Einstein's second 1905 paper proposed what is today called the special theory of relativity. He based his new theory on a reinterpretation of the classical principle of relativity, namely that the laws of physics had to have the same form in any frame of reference. As a second fundamental hypothesis, Einstein assumed that the speed of light remained constant in all frames of reference, as required by Maxwell's theory.

Later in 1905 Einstein showed how mass and energy were equivalent. Einstein was not the first to propose all the components of special theory of relativity. His contribution is unifying important parts of classical mechanics and Maxwell's electrodynamics.

The third of Einstein's papers of 1905 concerned statistical mechanics, a field of that had been studied by Ludwig Boltzmann and Josiah Gibbs.

After 1905 Einstein continued working in the areas described above. He made important contributions to quantum theory, but he sought to extend the special theory of relativity to phenomena involving acceleration. The key appeared in 1907 with the principle of equivalence, in which gravitational acceleration was held to be indistinguishable from acceleration caused by mechanical forces. Gravitational mass was therefore identical with inertial mass.

In 1908 Einstein became a lecturer at the University of Bern after submitting his Habilitation thesis Consequences for the constitution of radiation following from the energy distribution law of black bodies. The following year he become professor of physics at the University of Zurich, having resigned his lectureship at Bern and his job in the patent office in Bern.

By 1909 Einstein was recognized as a leading scientific thinker and in that year he resigned from the patent office. He was appointed a full professor at the Karl-Ferdinand University in Prague in 1911. In fact 1911 was a very significant year for Einstein since he was able to make preliminary predictions about how a ray of light from a distant star, passing near the Sun, would appear to be bent slightly, in the direction of the Sun. This would be highly significant as it would lead to the first experimental evidence in favor of Einstein's theory.

About 1912, Einstein began a new phase of his gravitational research, with the help of his mathematician friend Marcel Grossmann, by expressing his work in terms of the tensor calculus of Tullio Levi-Civita and Gregorio Ricci-Curbastro. Einstein called his new work the general theory of relativity. He moved from Prague to Zurich in 1912 to take up a chair at the Eidgenössische Technische Hochschule in Zurich.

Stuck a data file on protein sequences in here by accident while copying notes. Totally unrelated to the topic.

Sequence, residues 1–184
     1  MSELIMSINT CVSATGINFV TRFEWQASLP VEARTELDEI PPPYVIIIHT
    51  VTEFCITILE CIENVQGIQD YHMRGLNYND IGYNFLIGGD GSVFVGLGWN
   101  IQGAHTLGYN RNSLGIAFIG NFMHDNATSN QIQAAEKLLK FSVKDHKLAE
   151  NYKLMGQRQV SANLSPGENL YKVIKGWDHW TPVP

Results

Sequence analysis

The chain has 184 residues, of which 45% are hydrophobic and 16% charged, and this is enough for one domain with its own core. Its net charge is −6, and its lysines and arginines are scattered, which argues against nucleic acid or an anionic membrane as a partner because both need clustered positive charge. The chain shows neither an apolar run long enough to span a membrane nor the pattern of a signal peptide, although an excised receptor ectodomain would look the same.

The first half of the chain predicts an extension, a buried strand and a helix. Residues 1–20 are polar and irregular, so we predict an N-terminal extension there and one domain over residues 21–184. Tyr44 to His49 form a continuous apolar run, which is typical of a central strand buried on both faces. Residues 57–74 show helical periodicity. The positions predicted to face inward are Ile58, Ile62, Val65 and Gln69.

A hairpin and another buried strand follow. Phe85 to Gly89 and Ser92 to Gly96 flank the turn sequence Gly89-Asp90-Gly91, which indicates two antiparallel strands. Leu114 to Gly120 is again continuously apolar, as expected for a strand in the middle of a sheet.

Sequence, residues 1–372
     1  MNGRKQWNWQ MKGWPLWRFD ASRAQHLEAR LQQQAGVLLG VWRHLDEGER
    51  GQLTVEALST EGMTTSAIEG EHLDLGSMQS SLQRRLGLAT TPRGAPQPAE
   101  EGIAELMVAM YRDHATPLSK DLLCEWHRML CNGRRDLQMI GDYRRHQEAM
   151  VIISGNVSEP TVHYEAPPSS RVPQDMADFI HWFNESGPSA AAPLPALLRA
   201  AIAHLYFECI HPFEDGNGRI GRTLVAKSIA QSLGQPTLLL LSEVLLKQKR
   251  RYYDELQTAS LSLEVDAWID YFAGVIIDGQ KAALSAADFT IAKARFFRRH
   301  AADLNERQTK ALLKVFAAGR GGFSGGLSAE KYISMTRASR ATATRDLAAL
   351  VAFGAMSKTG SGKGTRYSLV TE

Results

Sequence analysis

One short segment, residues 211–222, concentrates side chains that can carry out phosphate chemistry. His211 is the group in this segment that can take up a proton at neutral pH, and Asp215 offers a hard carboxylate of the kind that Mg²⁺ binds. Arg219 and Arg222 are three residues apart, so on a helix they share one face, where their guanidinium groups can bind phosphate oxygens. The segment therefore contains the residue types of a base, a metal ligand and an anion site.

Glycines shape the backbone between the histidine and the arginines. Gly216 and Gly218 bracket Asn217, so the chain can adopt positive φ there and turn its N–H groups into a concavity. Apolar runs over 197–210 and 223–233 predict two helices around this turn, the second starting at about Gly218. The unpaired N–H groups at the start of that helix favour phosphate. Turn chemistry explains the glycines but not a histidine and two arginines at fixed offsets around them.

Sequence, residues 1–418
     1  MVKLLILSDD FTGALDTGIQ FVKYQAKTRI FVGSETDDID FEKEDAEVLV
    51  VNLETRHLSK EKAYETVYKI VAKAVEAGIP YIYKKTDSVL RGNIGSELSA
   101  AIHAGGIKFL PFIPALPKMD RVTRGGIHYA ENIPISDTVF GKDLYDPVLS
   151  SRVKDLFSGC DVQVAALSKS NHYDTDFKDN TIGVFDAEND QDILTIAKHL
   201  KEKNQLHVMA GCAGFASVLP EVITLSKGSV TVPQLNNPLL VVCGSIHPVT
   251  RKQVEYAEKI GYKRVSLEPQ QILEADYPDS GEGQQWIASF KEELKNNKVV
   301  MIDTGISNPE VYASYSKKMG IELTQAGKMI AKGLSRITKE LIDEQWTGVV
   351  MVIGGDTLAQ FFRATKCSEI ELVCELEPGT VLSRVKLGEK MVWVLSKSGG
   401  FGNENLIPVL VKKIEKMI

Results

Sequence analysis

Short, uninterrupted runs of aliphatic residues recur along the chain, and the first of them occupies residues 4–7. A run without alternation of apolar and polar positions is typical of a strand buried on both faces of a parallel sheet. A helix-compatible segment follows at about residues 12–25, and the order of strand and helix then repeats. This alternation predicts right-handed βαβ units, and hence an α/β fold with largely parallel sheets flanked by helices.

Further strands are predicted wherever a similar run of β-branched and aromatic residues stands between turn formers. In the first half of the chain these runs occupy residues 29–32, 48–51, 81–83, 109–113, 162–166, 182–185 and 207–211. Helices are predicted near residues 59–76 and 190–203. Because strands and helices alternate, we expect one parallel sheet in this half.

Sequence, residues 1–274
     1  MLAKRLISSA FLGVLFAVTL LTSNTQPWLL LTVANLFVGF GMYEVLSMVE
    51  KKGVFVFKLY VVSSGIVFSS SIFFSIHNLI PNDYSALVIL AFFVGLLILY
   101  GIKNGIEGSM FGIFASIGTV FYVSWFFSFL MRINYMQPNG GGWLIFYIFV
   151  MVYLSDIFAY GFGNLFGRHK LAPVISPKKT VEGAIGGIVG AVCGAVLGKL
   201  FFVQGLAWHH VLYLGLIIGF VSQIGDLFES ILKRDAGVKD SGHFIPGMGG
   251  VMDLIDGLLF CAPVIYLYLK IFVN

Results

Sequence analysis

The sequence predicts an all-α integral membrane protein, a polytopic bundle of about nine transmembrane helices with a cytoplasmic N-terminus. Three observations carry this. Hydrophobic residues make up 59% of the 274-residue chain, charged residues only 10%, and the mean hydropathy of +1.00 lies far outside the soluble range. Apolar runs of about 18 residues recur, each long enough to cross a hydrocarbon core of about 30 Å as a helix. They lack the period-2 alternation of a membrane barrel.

Einstein returned to Germany in 1914 but did not reapply for German citizenship. What he accepted was an impressive offer. It was a research position in the Prussian Academy of Sciences together with a chair (but no teaching duties) at the University of Berlin. He was also offered the directorship of the Kaiser Wilhelm Institute of Physics in Berlin which was about to be established.

After a number of false starts Einstein published, late in 1915, the definitive version of general theory. Just before publishing this work he lectured on general relativity at Göttingen and he wrote:-

To my great joy, I completely succeeded in convincing Hilbert and Klein.

In fact Hilbert submitted for publication, a week before Einstein completed his work, a paper which contains the correct field equations of general relativity.

When British eclipse expeditions in 1919 confirmed his predictions, Einstein was idolised by the popular press. The London Times ran the headline on 7 November 1919:-

Revolution in science - New theory of the Universe - Newtonian ideas overthrown.

In 1920 Einstein's lectures in Berlin were disrupted by demonstrations which, although officially denied, were almost certainly anti-Jewish. Certainly there were strong feelings expressed against his works during this period which Einstein replied to in the press quoting Lorentz, Planck and Eddington as supporting his theories and stating that certain Germans would have attacked them if he had been:-

... a German national with or without swastika instead of a Jew with liberal international convictions...

During 1921 Einstein made his first visit to the United States. His main reason was to raise funds for the planned Hebrew University of Jerusalem. However he received the Barnard Medal during his visit and lectured several times on relativity. He is reported to have commented to the chairman at the lecture he gave in a large hall at Princeton which was overflowing with people:-